(c) The recipient shall not release controlled unclassified information to any third party without prior written consent of the originating party.

(d) Each party shall take all lawful steps, which may include national classification, to keep controlled unclassified information free from further disclosure (including requests under any applicable domestic legislation), except as provided for in paragraph 1(b) above, unless the originating Party agrees to such disclosure….”

There’s a bit more, but this is that “magic point” again where unclassified material – unclassified, that is, before being collected and after being collected (otherwise it would not be controlled unclassified information) – suddenly becomes classified and therefore not accessible by the public.

This is an open invitation to take all unclassified material that has been collected from any source that could even remotely be tied to missile defense anywhere in the world or to the Czech government anywhere in the world on any subject, turn it over to Prague for classification as per their domestic security laws, at which time it becomes “free from further disclosure” to any one not properly cleared – you and me.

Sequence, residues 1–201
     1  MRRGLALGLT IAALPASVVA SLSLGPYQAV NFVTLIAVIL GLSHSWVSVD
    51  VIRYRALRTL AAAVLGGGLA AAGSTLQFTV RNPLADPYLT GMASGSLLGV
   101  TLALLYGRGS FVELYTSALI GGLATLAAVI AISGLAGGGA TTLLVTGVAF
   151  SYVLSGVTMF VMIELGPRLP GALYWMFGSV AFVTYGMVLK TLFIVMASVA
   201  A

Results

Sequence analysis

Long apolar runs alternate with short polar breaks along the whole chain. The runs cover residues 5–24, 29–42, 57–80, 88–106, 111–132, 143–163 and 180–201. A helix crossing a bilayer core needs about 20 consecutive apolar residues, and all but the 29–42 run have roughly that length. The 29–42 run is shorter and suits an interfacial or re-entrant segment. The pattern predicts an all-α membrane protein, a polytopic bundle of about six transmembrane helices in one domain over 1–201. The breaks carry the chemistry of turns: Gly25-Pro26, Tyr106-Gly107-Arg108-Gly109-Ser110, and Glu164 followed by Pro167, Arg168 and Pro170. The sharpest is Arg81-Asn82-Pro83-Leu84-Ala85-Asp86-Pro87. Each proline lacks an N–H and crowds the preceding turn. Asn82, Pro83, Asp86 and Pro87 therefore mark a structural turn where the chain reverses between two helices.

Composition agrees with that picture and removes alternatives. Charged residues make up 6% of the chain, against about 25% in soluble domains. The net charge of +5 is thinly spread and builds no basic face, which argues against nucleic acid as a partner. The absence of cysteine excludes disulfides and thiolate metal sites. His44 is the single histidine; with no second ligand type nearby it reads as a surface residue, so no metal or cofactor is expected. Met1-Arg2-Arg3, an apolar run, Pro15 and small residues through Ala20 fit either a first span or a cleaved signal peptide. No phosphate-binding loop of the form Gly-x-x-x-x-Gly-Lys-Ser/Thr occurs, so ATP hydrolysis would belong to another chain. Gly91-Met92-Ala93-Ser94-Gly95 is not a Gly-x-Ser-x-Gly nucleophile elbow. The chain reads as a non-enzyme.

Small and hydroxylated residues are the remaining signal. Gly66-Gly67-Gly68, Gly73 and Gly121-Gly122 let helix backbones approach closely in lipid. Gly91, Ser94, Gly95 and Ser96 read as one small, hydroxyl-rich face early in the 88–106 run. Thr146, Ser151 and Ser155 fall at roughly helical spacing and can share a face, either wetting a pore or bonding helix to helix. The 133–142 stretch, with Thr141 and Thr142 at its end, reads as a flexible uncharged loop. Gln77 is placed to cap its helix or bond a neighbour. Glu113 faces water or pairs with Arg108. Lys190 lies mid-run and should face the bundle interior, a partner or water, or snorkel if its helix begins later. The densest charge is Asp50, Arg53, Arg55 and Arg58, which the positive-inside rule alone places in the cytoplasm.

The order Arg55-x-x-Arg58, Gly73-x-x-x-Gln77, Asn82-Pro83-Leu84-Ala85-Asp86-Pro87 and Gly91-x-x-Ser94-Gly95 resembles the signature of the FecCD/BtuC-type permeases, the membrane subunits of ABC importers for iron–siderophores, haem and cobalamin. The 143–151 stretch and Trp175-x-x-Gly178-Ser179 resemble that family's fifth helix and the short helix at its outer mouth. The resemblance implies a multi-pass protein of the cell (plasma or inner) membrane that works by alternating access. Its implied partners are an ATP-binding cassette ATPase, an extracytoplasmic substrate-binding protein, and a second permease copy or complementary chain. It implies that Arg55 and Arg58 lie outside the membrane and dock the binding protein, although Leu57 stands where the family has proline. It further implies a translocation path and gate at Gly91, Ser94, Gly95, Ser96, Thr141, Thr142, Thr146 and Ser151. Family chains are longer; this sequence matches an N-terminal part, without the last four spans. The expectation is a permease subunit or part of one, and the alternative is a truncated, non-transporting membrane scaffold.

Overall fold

Guess what that does to the Freedom of Information Act.

Friday, July 11, 2008

Did the President Really Say That?

The question is not “What was George Bush thinking?” Rather it is “Why wasn’t George Bush thinking?”

After all, it had only been three days, and the last gathering had just ended. Leaders of the G8 – the group of the world’s most highly industrialized countries (Britain, Canada, France, Germany, Italy, Japan, the Russian Federation, and the United States) – seemed satisfied with their discussions and with their meetings with representatives of India and the People’s Republic of China on global warming.